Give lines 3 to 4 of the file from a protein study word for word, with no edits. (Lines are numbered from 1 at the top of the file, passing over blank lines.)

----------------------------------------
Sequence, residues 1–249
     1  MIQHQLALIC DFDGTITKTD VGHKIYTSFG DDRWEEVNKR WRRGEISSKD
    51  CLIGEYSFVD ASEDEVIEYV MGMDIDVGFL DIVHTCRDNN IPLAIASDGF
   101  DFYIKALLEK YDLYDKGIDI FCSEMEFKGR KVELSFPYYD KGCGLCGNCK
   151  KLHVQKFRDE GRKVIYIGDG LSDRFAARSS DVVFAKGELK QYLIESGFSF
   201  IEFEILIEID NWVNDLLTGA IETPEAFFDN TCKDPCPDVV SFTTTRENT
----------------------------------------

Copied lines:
    51  CLIGEYSFVD ASEDEVIEYV MGMDIDVGFL DIVHTCRDNN IPLAIASDGF
   101  DFYIKALLEK YDLYDKGIDI FCSEMEFKGR KVELSFPYYD KGCGLCGNCK